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 Table of Contents  
LETTER TO THE EDITOR
Year : 2013  |  Volume : 3  |  Issue : 2  |  Page : 59-60

A rare case of carbamazepine induced pancreatitis


1 Department of Internal Medicine, Sher I Kashmir Institute of Medical Sciences, Srinagar, Jammu and Kashmir and, India
2 Department of Gastroenterology, Sher I Kashmir Institute of Medical Sciences, Srinagar, Jammu and Kashmir, India

Date of Submission18-Feb-2013
Date of Acceptance21-Jul-2014
Date of Web Publication11-Jul-2014

Correspondence Address:
Faheem Arshad
Department of Internal Medicine, Sher I Kashmir Institute of Medical Sciences, Srinagar, Jammu and Kashmir and
India
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Source of Support: None, Conflict of Interest: None


DOI: 10.4103/2230-7095.136504

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How to cite this article:
Arshad F, Ladakhi Y, Khan MA. A rare case of carbamazepine induced pancreatitis. Int J Stud Res 2013;3:59-60

How to cite this URL:
Arshad F, Ladakhi Y, Khan MA. A rare case of carbamazepine induced pancreatitis. Int J Stud Res [serial online] 2013 [cited 2019 Dec 14];3:59-60. Available from: http://www.ijsronline.net/text.asp?2013/3/2/59/136504

Dear Editor,

Drug induced-pancreatitis (DIP) is rare, the incidence being 1.4-5% as estimated from case reports. Strong evidence of DIP arises from case reports where pancreatitis developed with rechallenge to the offending drug [1] . Among anticonvulsants, valproic acid is known to cause pancreatitis; but, carbamazepine has been rarely associated with pancreatitis. Only few cases have been reported with proportional reporting ratio for carbamazepine and pancreatitis being one as per Food and Drug Administration (FDA) (verified).

We had a 27-year-old man diagnosed as having seizure disorder in 2005, initially was on valproate, then changed to carbamazepine after the first episode of DIP. This was followed by the second episode of DIP in 2011, but carbamazepine was continued and now presented with the third episode of DIP. His examination was normal except for mild tenderness in the epigastric area. Abnormal investigations were serum amylase 2678 IU/L and serum lipase 1115 U/L. Ultrasonography revealed only bulky pancreas [Figure 1], rest was unremarkable. Carbamazepine levels were 6.7 µg/mL (within normal range). Final diagnosis of recurrent acute mild DIP was made with bedside index of severity in acute pancreatitis score 0/5. After discontinuing the drug and supportive management, amylase and lipase levels came to normal. Now anticonvulsant was changed to zonisamide. Although, this report appears to be 28 th published case as per FDA, we believe this is the first case of recurrent acute pancreatitis and 2 nd confirmed by rechallenge with carbamazepine. Based on reports from FDA, total of 14,927 carbamazepine users studied up until January 2014, among which 24 people (0.16%) had pancreatitis and more were found in the age group 10-19 years [2] .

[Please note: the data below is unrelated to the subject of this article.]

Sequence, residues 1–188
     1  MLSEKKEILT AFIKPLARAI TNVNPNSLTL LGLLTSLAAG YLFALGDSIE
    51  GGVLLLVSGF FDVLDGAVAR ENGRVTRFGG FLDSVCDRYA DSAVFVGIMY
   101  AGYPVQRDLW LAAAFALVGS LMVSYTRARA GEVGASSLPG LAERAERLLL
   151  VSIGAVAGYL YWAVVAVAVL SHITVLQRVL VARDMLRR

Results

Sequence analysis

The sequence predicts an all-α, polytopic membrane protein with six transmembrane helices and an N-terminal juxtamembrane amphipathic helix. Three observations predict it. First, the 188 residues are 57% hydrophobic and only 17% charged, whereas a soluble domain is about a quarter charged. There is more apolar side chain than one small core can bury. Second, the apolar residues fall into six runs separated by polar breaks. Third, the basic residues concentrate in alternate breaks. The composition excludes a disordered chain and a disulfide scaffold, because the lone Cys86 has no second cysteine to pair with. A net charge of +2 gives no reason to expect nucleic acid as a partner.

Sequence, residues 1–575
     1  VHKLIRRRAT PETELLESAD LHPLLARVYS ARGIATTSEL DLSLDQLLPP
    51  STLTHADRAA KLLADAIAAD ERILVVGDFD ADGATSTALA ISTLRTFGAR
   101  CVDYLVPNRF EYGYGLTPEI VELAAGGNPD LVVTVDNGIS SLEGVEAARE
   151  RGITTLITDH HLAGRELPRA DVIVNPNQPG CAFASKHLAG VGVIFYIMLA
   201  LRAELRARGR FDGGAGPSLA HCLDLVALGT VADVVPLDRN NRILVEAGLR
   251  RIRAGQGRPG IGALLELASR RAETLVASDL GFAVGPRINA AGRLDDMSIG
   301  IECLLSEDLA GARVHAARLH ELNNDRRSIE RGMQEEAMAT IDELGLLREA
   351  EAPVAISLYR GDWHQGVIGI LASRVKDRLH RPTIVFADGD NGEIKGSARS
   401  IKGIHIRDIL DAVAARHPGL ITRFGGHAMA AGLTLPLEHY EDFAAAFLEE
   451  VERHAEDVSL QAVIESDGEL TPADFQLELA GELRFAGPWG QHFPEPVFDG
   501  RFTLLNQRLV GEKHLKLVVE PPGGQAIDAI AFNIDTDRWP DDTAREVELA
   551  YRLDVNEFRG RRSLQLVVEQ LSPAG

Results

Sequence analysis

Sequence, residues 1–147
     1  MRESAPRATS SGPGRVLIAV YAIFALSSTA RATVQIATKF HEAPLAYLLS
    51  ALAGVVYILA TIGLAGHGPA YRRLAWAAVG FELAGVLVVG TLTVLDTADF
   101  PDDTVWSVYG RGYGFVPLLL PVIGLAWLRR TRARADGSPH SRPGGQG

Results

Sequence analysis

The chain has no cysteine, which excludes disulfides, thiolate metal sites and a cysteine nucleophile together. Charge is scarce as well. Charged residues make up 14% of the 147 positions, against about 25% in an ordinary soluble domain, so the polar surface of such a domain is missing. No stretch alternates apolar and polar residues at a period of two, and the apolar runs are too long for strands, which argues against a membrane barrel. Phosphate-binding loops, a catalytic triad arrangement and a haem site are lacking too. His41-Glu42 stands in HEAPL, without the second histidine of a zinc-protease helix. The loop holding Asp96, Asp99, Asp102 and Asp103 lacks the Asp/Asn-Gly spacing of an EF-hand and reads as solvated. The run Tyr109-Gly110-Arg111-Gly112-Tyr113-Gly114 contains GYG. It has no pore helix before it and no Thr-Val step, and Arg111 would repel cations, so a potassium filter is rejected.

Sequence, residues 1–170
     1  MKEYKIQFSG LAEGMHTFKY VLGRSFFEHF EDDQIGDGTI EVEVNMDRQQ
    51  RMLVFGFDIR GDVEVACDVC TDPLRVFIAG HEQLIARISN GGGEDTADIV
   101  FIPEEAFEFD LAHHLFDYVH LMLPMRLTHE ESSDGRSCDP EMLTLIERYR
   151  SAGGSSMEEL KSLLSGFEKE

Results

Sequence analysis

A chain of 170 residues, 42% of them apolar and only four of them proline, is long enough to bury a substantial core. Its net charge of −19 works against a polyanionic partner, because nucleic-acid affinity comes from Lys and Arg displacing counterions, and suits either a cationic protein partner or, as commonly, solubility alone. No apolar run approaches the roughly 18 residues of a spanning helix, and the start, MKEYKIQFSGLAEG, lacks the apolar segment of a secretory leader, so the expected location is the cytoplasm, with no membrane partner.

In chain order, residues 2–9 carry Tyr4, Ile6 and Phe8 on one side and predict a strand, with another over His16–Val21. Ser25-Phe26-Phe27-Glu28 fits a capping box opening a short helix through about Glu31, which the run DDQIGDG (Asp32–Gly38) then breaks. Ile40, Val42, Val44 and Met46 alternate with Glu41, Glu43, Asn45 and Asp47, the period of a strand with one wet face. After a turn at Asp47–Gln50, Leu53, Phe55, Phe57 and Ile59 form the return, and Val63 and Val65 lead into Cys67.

Figure 1 Ultrasonography revealing bulky pancreas

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The confirmatory diagnosis of DIP depends on exclusion of other causes of acute pancreatitis. Badalov et. al. [1] , revised classification of DIP places carbamazepine in class III; which includes drugs with at least two case reports, but no consistency or rechallenge. The severity of adverse effect is assessed on the basis of clinical status and not only on carbamazepine levels. Toxicity may result from carbamazepine per se or its active epoxide metabolite. In our patient, levels were within normal range. Laczek et. al. [3] , in their study have reported the 15 th case of carbamazepine induced pancreatitis and were first to confirm by rechallenge. Therefore, carbamazepine might now be classified in class I rather than class III. Soman and Swenson [4] in their study have reported a 73-year-old female who developed carbamazepine induced pancreatitis which resolved after discontinuation of the drug, but rechallenge was not attempted.

Our patient initially developed valproate-induced pancreatitis, anticonvulsant was replaced by carbamazepine. Patient remained episode free on carbamazepine but after 2 years again developed DIP, this time due to carbamazepine. The drug was now stopped. Patient was restarted after 2 months on carbamazepine, then developed recurrent DIP (3 rd time) with positive rechallenge test, with other possible causes excluded. Management of DIP requires removal of offending agent and supportive care. This case illustrates the importance of notifying DIP. Since anticonvulsant drugs are important for maintaining seizure free episodes, early identification of anticonvulsants causing pancreatitis is important and hence that patient can be started on alternative medicines. In order to prevent recurrent episodes of DIP, clinician requires thorough knowledge of drugs with strongest evidence for causation of pancreatitis.

 
  References Top

1.Badalov N, Baradarian R, Iswara K, et. al. Drug-induced acute pancreatitis: An evidence-based review. Clin Gastroenterol Hepatol 2007;5(6):648-61.  Back to cited text no. 1
    
2.Review: could carbamazepine cause pancreatitis acute? 2013. Available from: http://www.ehealthme.com/ds/carbamazepine/pancreatitis. [Last cited on 2013 Oct 04].  Back to cited text no. 2
    
3.Laczek JT, Shrestha M, Kortan ND, Lake JM. Carbamazepine-induced pancreatitis with positive rechallenge. J Clin Gastroenterol 2010;44(2):153-4.  Back to cited text no. 3
    
4.Soman M, Swenson C. A possible case of carbamazepine-induced pancreatitis. Drug Intell Clin Pharm 1985;19(12):925-7.  Back to cited text no. 4
    


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